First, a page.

Perhaps the biggest name in mobile payments over the last year-plus has been Apple Pay, the platform for mobile devices such as the iPhone and Apple Watch. However, a more recent entrant to the mobile payments realm may be picking up steam a bit more quickly than its better-known predecessor, and may even overtake it in the near future.
While Apple Pay already has 12 million people around the world using it at least once a month, Samsung Pay recently surpassed 5 million users after its debut in the U.S. late last year, according to a report from Bloomberg Business News. Since that September launch date, the company has processed some $500 million in transactions. The enrollment number also matches what Android Pay from Google has garnered in the same period.
What’s the driving force?
Perhaps one of the biggest reasons Samsung Pay seems to be catching on these days is that its proprietary payment technology works far more broadly than Apple or Google’s offerings, the report said. When making a purchase, its system makes a tapped phone act like a traditional magnetic strip credit card, meaning that it can be accepted nearly everywhere a traditional credit card can. Apple Pay and Android Pay, meanwhile, can only be accepted at participating retail partners, and that may be the big difference here for many users.
“It’s become a cult following,” Richard Crone, chief executive officer of Crone Consulting, told the news organization.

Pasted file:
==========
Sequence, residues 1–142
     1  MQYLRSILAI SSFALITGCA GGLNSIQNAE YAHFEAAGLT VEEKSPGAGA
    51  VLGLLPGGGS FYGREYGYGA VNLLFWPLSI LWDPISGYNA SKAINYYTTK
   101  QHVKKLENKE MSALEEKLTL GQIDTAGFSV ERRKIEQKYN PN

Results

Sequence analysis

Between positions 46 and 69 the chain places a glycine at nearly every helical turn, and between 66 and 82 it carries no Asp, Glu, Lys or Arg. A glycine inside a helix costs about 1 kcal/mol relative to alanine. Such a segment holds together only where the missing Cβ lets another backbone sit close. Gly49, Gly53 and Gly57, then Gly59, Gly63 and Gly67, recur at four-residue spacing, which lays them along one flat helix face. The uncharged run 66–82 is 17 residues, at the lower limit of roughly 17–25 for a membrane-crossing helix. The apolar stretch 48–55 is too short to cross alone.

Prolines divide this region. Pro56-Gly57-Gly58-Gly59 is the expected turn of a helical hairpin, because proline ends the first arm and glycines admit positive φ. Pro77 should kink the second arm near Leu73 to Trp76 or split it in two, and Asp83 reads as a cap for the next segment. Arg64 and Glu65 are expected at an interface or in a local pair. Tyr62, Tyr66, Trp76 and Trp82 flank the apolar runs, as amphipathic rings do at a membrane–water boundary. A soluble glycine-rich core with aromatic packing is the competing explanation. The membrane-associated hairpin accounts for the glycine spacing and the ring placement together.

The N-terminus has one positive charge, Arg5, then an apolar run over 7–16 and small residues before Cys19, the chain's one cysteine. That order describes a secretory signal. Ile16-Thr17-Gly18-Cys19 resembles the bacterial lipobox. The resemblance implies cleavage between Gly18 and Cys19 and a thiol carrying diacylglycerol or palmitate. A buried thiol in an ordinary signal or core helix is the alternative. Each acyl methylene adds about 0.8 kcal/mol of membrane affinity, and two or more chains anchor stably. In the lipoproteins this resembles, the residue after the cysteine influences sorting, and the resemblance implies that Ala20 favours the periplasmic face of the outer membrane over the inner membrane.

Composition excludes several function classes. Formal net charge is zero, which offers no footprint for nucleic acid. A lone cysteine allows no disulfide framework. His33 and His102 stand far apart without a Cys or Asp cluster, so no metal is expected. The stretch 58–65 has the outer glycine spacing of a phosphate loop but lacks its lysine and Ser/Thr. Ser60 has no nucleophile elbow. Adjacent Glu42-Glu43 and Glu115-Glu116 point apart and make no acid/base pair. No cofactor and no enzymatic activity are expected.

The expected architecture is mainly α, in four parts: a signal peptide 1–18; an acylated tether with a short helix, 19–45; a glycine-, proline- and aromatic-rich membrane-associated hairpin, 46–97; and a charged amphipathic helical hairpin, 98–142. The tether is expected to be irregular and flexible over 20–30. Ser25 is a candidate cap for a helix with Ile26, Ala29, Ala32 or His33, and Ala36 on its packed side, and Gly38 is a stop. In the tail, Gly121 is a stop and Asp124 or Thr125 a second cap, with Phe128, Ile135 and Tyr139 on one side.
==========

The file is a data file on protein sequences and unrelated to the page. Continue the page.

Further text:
Further, the potential marketplace for Samsung Pay is significantly larger than that of Apple Pay, the report said. That’s because through the end of last year, Samsung was the manufacturer of 22 percent of all smartphones in circulation worldwide, compared to only 16 percent for Apple. So while iPhone is the most popular individual phone, Samsung remains the largest manufacturer, even as the mobile platform only works on five of its offerings at present.
A long way to go?
However, it should be noted that right now, only 6 percent of iPhone owners whose devices are capable of using Apple Pay – that is, those with either the iPhone 6 or iPhone 6S – are using the mobile platform on a regular basis, the report said. Fortunately for the computer giant, that compares favorably with Samsung Pay’s 4 percent, and Android Pay’s 1 percent. But because the latter two platforms have been around for only about six months, this indicates a far more rapid rate of adoption for Samsung Pay overall.
For its part, though, Apple says adoption rates in the second half of last year increased 10-fold in comparison with the first six months of 2015, the report said. If that trend were to continue Apple would see a huge uptick in users over the course of 2016.
Regardless, it does seem that mobile payment adoption is picking up steam in a very serious way these days, and small retailers would be wise to adopt it themselves as a means of meeting the likely increase in consumer demand.Back To Blog